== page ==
Haze and ecstasy, hallucination and dream: around 1900 – the so-called ‘fin de siècle’ – poets begin to discover the world of the subconscious. It is the age of literary decadence, of symbolism and Art Nouveau. Arthur Rimbaud, protagonist of an entire generation of French poets, who died at an early age, and Russian symbolist Konstantin Balmont inspired Sergei Prokofiev and Benjamin Britten to write some musical masterpieces.
In Les illuminations, the composer Benjamin Britten accompanies the poet Arthur Rimbaud in his descent into the underworld and the vile entrails of a busy town (‘Villes’), singing the praises of the beauty and the decay of the body (‘Being Beauteous’) and the lustful encounter of two thighs in a night of heated passion (‘Antique’). Britten follows the poet through both heaven and hell. On ‘Parade’ the composer comments: ‘It is a picture of the underworld. It should be made to sound creepy, evil, dirty and really desperate.’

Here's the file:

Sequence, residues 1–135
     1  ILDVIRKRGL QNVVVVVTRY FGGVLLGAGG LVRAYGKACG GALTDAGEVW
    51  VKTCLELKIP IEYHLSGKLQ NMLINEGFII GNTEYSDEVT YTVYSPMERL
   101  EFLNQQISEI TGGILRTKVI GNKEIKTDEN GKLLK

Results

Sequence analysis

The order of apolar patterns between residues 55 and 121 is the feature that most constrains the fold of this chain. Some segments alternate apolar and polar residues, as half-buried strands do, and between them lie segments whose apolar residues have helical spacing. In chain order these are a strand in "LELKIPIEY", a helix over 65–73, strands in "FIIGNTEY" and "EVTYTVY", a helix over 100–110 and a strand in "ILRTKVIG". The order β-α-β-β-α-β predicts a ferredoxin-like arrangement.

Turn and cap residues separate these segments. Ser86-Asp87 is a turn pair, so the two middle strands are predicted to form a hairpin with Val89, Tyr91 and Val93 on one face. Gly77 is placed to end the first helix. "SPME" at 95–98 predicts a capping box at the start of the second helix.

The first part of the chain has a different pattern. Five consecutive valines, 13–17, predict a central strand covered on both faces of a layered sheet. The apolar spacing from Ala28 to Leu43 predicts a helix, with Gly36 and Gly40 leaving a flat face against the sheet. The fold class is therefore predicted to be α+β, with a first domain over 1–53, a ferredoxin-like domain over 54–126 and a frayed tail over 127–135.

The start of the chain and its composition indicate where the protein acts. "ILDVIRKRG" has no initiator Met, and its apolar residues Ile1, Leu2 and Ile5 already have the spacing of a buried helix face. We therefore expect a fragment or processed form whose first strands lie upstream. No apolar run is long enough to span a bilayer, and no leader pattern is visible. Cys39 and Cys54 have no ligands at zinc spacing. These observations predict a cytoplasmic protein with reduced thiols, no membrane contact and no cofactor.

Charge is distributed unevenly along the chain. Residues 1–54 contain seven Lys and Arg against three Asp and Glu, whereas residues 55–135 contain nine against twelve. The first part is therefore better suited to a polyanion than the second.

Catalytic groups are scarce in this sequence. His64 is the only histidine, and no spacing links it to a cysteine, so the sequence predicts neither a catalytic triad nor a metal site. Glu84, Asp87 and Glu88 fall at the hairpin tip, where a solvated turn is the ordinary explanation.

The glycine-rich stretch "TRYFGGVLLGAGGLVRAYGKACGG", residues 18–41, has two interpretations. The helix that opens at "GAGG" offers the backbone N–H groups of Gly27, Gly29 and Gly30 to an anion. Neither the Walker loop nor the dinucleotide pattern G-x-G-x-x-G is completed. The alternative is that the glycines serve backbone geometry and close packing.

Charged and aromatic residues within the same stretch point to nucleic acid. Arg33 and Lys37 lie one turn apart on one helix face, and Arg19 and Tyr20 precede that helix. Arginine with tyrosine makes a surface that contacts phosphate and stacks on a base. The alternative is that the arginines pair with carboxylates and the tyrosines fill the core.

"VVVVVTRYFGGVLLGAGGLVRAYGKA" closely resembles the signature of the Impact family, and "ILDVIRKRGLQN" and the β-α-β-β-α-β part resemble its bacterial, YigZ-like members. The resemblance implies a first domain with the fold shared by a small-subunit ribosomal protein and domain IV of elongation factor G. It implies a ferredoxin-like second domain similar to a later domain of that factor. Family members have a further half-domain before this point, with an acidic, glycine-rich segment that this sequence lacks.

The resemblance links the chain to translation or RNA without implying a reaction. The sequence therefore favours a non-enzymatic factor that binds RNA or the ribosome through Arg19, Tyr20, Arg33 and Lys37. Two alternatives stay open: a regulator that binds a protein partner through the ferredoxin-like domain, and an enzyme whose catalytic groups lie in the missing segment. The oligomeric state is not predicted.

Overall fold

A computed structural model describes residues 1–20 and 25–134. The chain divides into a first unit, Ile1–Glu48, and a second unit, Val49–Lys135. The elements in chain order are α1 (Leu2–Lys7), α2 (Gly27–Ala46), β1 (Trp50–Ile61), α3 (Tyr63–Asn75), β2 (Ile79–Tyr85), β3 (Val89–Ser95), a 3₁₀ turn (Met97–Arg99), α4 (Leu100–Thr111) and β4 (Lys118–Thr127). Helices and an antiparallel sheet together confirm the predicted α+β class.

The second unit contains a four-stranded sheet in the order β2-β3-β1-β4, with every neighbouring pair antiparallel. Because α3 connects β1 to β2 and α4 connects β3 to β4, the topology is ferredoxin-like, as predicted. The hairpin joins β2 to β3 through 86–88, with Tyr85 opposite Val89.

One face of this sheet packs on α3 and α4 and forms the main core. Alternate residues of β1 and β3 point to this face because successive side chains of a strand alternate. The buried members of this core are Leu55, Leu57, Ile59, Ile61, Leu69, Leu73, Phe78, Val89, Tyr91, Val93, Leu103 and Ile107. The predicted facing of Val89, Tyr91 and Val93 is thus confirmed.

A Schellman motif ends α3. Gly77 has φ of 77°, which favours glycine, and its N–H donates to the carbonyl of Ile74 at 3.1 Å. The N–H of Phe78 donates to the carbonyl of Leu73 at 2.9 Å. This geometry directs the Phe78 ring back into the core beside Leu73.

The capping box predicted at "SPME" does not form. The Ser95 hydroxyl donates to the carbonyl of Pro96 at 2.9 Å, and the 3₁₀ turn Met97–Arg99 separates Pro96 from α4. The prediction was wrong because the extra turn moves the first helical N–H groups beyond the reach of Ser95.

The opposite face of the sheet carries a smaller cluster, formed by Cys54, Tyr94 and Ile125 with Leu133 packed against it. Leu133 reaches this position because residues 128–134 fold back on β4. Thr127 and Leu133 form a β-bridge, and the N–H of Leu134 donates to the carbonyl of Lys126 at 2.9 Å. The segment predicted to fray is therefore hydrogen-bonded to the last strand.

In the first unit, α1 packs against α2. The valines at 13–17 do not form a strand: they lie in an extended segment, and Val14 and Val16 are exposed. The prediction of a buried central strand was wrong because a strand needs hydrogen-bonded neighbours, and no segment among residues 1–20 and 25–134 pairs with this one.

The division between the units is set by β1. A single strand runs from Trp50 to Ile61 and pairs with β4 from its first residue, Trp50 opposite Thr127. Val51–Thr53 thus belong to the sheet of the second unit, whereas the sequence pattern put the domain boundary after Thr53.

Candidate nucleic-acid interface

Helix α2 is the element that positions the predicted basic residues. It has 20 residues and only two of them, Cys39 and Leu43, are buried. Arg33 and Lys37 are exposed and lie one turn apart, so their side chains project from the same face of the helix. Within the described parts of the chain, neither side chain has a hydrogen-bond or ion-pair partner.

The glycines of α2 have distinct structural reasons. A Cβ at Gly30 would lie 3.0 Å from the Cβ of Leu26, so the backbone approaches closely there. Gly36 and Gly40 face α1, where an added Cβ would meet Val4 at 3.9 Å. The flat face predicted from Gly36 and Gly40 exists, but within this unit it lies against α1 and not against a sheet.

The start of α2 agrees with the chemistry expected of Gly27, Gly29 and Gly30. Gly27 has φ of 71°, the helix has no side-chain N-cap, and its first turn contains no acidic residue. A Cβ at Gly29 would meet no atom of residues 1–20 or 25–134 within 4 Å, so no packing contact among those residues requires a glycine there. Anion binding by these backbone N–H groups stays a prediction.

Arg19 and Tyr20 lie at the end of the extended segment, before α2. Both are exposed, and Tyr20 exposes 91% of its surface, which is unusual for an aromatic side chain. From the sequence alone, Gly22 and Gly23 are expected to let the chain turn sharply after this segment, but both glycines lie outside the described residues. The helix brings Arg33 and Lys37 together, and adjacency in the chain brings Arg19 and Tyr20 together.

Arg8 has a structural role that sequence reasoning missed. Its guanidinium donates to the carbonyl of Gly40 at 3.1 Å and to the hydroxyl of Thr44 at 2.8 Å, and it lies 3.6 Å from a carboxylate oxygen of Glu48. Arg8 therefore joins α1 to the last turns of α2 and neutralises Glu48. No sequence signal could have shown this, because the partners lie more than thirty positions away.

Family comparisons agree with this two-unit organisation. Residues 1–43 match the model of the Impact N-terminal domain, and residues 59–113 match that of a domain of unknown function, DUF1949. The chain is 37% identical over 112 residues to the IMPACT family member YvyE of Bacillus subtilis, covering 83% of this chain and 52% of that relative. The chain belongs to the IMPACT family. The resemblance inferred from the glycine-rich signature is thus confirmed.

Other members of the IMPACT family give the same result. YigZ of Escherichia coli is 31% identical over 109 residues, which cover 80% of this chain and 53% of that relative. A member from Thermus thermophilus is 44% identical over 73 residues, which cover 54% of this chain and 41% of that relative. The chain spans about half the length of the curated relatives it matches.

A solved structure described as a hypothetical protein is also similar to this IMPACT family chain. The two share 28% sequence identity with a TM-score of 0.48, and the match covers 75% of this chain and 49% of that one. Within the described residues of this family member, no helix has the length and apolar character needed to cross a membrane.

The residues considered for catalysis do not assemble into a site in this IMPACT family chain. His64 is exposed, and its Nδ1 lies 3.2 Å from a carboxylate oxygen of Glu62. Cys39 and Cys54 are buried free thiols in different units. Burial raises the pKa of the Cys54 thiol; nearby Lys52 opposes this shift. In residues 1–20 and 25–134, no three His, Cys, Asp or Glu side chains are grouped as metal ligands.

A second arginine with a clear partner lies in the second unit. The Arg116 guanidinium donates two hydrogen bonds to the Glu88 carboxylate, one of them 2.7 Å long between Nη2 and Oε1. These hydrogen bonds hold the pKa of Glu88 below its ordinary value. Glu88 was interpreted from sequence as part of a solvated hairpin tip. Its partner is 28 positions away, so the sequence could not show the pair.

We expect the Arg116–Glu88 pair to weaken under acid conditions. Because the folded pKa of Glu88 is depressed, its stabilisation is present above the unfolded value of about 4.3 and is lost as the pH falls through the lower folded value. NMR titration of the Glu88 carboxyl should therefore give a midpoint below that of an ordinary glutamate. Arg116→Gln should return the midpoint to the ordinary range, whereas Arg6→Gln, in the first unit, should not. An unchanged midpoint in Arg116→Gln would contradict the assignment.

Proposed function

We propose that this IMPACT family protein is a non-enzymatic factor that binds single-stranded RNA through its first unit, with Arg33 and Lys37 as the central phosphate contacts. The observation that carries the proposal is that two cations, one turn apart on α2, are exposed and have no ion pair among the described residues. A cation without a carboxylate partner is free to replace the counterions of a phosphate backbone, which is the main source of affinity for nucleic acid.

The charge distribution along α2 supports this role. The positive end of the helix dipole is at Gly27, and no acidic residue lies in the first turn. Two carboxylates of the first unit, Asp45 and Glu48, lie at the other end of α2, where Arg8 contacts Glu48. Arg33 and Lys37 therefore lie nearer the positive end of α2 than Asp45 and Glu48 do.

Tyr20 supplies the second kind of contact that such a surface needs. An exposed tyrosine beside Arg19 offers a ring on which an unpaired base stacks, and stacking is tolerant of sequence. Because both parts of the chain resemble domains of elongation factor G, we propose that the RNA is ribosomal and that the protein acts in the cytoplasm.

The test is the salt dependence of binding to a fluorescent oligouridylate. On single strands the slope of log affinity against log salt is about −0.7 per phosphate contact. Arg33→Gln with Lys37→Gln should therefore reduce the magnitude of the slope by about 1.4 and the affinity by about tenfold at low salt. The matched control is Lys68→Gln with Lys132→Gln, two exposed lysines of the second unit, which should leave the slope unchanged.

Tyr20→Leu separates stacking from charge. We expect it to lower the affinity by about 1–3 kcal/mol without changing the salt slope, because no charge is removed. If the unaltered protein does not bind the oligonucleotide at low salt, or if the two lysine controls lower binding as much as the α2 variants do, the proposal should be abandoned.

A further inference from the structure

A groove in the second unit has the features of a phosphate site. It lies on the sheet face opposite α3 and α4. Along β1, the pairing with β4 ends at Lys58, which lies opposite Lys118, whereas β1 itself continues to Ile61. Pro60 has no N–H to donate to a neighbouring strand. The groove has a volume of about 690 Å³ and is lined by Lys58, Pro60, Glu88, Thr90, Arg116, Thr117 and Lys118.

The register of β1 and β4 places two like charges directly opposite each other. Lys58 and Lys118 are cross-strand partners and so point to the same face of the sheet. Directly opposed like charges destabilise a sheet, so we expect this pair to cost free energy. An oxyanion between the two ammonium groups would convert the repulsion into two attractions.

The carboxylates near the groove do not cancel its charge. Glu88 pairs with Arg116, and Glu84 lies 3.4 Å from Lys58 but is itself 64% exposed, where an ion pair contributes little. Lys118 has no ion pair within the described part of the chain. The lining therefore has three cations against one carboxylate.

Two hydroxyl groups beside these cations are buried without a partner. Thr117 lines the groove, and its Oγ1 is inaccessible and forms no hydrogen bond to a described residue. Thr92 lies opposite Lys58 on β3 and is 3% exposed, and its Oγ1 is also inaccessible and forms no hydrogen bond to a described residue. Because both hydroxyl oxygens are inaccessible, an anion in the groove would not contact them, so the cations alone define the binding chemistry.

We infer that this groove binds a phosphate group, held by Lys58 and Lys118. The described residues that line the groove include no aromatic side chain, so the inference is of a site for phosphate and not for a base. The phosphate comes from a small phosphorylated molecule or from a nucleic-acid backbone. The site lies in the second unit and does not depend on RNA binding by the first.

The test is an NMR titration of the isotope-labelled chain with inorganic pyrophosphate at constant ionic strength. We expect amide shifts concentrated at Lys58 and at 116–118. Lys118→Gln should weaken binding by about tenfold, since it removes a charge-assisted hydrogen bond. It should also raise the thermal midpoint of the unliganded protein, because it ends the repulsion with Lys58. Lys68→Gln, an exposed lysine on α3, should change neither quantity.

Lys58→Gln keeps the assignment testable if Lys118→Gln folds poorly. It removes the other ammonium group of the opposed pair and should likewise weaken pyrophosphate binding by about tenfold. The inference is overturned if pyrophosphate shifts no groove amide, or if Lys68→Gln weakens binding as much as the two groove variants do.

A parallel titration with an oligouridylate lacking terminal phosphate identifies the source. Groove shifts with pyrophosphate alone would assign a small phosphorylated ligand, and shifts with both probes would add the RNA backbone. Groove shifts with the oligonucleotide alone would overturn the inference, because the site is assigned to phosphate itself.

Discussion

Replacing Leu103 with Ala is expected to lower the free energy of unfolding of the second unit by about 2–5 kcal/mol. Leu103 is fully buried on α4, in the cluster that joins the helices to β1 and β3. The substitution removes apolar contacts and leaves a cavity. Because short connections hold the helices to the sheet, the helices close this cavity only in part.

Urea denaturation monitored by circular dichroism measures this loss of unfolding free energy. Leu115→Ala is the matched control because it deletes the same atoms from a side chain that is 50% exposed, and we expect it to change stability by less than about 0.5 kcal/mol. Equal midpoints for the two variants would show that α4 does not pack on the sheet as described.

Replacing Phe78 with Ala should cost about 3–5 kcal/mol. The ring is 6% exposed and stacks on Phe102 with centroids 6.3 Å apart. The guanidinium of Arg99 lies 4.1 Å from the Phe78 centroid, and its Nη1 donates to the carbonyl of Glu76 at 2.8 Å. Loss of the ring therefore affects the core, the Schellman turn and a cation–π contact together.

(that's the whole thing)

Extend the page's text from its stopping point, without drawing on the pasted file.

Sergei Prokofiev based the title of his work ‘Visions fugitives’ on words from a poem by Konstantin Dimitriev Balmont. Around 1915, this Russian poet was at the height of his career. He was a major influence on composers such as Skryabin and Prokofiev. Prokofiev’s confrontation with the dark poetry spawned a cycle of 20 characteristically dreamy miniature pieces, Visions fugitives – ‘fleeting visions’ –.In this particular concert recording we hear Prokofiev’s famous piano suite, arranged for strings by the Russian violinist and conductor Rudolf Barshai. Out of the 20 pieces for piano, he selected a total of 15. By capitalising on the instruments’ individual colouring he succeeded in adding even more depth to the expressive nature of this spectacular work.
Visions Fugitives was recorded live at the Gergiev Festival, Rotterdam.